- It is the most abundant and widely distributed tissue system in the body.
- It binds together, supports and strengthens other body tissues as well as protects and insulates internal organs.
- It is made up of fibres, cells and ground substances.
Three types of fibres are embedded in the extracellular matrix between the cells.
These fibres strengthen and support connective tissues.
(a) Collagen fibres:
These are very strong and allow tissue flexibility. These are made up of protein collagen. It is the most abundant protein making up about 25% and 35% of the total body protein. Collagen fibre is often presented in parallel bundles. It is found in bone, cartilage, tendons and ligaments.
(b) Elastic fibres:
These fibres are smaller in diameter. These are made up of protein elastin surrounded by a glycoprotein named fibrillin which gives strength and stability to tissue. Elastic fibres have the ability to return to their original shape, a property called elasticity. These are found in the skin, lungs, arteries, veins, elastic cartilage, periodontal ligament and foetal tissue.
(c) Reticular fibres:
They consist of collagen protein arranged in fine bundles covered with glycoprotein. These are much thinner than collagen fibres. They give support and strength. These are found in the liver, bone marrow and lymphatic organs.
Each cell consists of fibroblasts, macrophages, plasma cells, mast cells, adipocytes and white blood cells.
They are the chief cells of connective tissue. They are large, flat cells with branching processes.
These cells develop from monocytes, a type of white blood cells. There are two types of macrophages. These cells play an important role in the immune response. Fixed macrophages are present in particular tissue such as alveolar macrophages in lungs or spleen macrophages in spleen. Wandering macrophages have the ability to move throughout the tissue and gather at the site of infection to carry phagocytosis.
(c) Plasma cells:
A small cell that develops from a type of white blood cell is called β-lymphocytes. It takes an important part in the immune response. They are present in the gastrointestinal and respiratory tract, salivary glands, lymph nodes, spleen and red bone marrow.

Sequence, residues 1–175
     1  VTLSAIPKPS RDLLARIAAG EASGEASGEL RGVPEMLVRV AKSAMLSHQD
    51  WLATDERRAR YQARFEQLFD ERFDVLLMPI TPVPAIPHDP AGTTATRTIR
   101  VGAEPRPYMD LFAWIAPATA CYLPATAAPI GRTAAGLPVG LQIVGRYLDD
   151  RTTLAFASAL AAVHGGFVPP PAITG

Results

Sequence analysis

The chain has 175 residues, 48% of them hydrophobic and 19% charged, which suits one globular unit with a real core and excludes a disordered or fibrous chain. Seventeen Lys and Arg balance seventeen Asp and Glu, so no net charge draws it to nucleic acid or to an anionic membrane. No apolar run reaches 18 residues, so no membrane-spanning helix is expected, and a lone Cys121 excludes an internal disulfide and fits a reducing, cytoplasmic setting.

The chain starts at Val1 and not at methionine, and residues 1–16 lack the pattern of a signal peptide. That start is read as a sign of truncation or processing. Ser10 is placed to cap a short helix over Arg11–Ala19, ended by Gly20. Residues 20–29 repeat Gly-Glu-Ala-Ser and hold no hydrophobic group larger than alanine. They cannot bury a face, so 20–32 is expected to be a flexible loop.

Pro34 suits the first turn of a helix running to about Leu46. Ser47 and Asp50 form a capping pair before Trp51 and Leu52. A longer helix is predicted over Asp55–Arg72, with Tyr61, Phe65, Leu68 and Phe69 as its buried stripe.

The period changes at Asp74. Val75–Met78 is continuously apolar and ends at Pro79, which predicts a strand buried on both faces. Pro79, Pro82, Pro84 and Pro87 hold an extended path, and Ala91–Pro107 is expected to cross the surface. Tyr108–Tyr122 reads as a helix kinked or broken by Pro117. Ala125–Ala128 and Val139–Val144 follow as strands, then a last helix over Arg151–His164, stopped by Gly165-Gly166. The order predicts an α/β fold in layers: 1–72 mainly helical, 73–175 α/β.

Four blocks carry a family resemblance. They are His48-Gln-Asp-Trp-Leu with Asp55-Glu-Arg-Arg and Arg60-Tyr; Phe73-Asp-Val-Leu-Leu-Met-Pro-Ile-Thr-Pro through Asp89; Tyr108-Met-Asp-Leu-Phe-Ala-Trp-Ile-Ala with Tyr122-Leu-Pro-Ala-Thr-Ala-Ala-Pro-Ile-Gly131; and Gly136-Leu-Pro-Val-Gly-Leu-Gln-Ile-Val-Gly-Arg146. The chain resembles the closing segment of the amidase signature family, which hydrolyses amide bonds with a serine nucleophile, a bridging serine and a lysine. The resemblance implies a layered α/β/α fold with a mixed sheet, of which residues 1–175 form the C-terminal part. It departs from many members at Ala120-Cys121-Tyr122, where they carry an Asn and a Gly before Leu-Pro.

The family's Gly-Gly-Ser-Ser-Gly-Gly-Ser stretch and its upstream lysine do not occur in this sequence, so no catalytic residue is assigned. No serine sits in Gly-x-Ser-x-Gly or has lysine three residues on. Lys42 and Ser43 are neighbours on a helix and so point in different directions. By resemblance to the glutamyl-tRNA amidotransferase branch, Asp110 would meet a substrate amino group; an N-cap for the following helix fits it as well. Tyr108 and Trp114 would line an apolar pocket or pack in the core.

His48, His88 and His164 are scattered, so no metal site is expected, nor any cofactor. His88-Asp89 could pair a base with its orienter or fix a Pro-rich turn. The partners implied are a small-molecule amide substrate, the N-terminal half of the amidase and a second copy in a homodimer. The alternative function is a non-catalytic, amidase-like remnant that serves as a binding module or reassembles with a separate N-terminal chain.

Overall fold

(d) Mast cells:
They produce histamine that dilates the small blood vessels as a part of the inflammatory response.
These are also called fat cells or adipose cells. They store fats. They are found deep in the skin and around the heart and kidneys.
(f) White blood cells:
In response to the inflammatory reaction, they migrate from the blood into connective tissue. E.g. Neutrophils gather at sites of infection and eosinophils migrate to the sites of allergic response.
You May Read: Epithelial Tissue: Types, Structure and Function
- It is an amorphous gel-like substance present surrounding the cells.
- In the ground substance, cells and fibres are suspended.
- It supports the cells, binds them together, stores water and provides a medium through which substances are exchanged between blood and cells.
- It is primarily composed of water, glycosaminoglycan (hyaluronan), proteoglycans, glycoproteins, hyaluronic acid, chondroitin sulfate and dermatan sulfate.
- It acts as an energy store.
- It provides protection to different body organs.
- It provides a structural framework to the body
- It connects different body tissues.
- It connects epithelial tissues to muscle fibres.
- It supplies hormones all over the body.
Classification of Connective Tissue:
Types of Connective tissues are as follows:
Loose Connective Tissue:
- Areolar connective tissue
- Adipose connective tissue
- Reticular connective tissue
Dense Connective Tissue:
- Dense regular connective tissue
- Dense irregular connective tissue
- Elastic connective tissue
- Hyaline cartilage
- Fibro cartilage
- Elastic cartilage
Liquid Connective Tissue:
- Blood tissue
Loose Connective Tissue
- The fibres are loosely woven. It has a large proportion of ground substance. They are easily distorted. On distortion, they become tough and resist further deformation.
Areolar Connective Tissue:
- They form a loose network in the intercellular material and are not arranged in a particular pattern.
- It consists of collagen fibre, elastic fibres, reticular fibres and several kinds of cells such as fibroblasts, macrophages, plasma cells, adipocytes and mast cells embedded in ground substances.
- Location: It is present below the skin, fill the spaces between muscles, supports blood vessels and nerves in the alimentary canal.
- Yellow elastic fibres are found in arteries and white elastic fibres are found in kidneys and the brain.
- Functions: It gives strength, elasticity and support to tissue.
Adipose Connective Tissue:
- It consists of adipocytes that stores fats as a large centrally located droplet.
- Location: It is present in the subcutaneous layer deep in the skin, around the heart and kidneys and yellow bone marrow.
- It prevents heat loss from the body.
- It acts as a reservoir of energy.
- It gives shape to the limbs and body